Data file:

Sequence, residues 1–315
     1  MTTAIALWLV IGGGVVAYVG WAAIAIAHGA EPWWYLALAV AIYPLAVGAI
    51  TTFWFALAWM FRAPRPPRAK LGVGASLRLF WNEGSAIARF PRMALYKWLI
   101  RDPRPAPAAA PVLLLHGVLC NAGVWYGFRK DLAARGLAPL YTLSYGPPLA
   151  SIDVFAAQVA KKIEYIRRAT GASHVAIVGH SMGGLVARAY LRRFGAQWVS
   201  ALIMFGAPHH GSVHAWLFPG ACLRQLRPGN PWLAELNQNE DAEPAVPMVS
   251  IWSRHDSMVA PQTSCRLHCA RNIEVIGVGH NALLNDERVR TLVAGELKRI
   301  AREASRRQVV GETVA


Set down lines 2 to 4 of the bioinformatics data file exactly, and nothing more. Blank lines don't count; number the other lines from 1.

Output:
     1  MTTAIALWLV IGGGVVAYVG WAAIAIAHGA EPWWYLALAV AIYPLAVGAI
    51  TTFWFALAWM FRAPRPPRAK LGVGASLRLF WNEGSAIARF PRMALYKWLI
   101  RDPRPAPAAA PVLLLHGVLC NAGVWYGFRK DLAARGLAPL YTLSYGPPLA